Britain’s security services cannot offer “absolute protection” against Russian hackers, a top spy has warned. GCHQ cyber defence chief Ciaran Martin warned that it is a matter of “when not if” the UK suffers a “serious cyber attack”. He claimed spooks are now battling to stop attacks that “most impact on our way of life” instead of trying to prevent every breach. Mr Martin – who heads the National Cyber Security Centre – told the Daily Telegraph that “services can be disrupted” by Putin’s crack hacking squads. He wrote: “Turning off the lights and the power supply by cyber attack is harder than Hollywood films sometimes make out,” he writes.
Many adversaries to enterprise cybersecurity are using sophisticated encryption tactics to bypass defences and infiltrate networks. Enterprises are trying to fight back by employing HTTPS and using SSH, as well as other advanced protocols for data exfiltration. SSH, for example, is often used for remote management access because it performs well. But, when nearly 70 percent of all enterprise traffic is encrypted, understanding what’s hiding inside that traffic is imperative. So, what can you do to inspect that traffic?
Positive Technologies experts Ilya Karpov, Evgeny Druzhinin, and Stephen Nosov have discovered four vulnerabilities in management cards for APC by Schneider Electric hardware. These uninterrupted power supply (UPS) units are used in various sectors. Two of the vulnerabilities received the maximum possible CVSS v3 score of 10, indicating a very high degree of risk.
As the general public tried to get its head around the concept of cryptocurrency and blockchain at the back-end of 2017, infosecurity professionals were facing one of the universal truths of our industry: whenever there is an innovation in technology or society, those who want to exploit it for illicit gain are never far behind.
Remember the anti-piracy campaign from years back about “You Wouldn’t Steal a Car”? This was the rather sensationalist piece put together by the Motion Picture Association of America in an attempt to draw parallels between digital piracy and what they viewed as IRL (“In Real Life”) equivalents. Here’s a quick recap:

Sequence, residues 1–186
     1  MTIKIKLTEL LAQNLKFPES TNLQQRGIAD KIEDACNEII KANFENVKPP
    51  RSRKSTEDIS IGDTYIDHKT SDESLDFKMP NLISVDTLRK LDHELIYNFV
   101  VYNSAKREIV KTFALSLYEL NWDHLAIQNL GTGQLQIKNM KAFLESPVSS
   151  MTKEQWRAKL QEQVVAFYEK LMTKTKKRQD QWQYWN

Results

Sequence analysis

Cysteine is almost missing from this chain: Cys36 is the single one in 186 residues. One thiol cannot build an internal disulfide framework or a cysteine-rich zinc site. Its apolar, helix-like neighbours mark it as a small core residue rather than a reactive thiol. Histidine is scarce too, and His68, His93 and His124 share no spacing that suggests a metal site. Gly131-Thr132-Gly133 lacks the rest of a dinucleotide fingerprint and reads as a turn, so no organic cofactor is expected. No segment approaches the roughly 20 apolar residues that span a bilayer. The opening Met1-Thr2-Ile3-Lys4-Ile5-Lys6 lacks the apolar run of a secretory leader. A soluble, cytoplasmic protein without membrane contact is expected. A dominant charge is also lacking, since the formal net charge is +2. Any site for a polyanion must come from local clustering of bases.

The risks of non-compliance are serious, follow this GDPR action plan to avoid disaster
Drupalgeddon2 “is under active attack, and every Drupal site behind our network is being probed constantly from multiple IP addresses,” Daniel Cid, CTO and founder of security firm Sucuri, told Ars. “Anyone that has not patched is hacked already at this point. Since the first public exploit was released, we are seeing this arms race between the criminals as they all try to hack as many sites as they can.” China-based Netlab 360, meanwhile, said at least three competing attack groups are exploiting the vulnerability. The most active group, Netlab 360 researchers said in a blog post published Friday, is using it to install multiple malicious payloads, including cryptocurrency miners and software for performing distributed denial-of-service attacks on other domains. The group, dubbed Muhstik after a keyword that pops up in its code, relies on 11 separate command-and-control domains and IP addresses, presumably for redundancy in the event one gets taken down.
This article, pointed out by @TheGrugq, is stupid enough that it’s worth rebutting.
Responding to the talent shortage and increasing demand facing the cybersecurity industry, Udacity said that it is now developing a new nanodegree focused on security.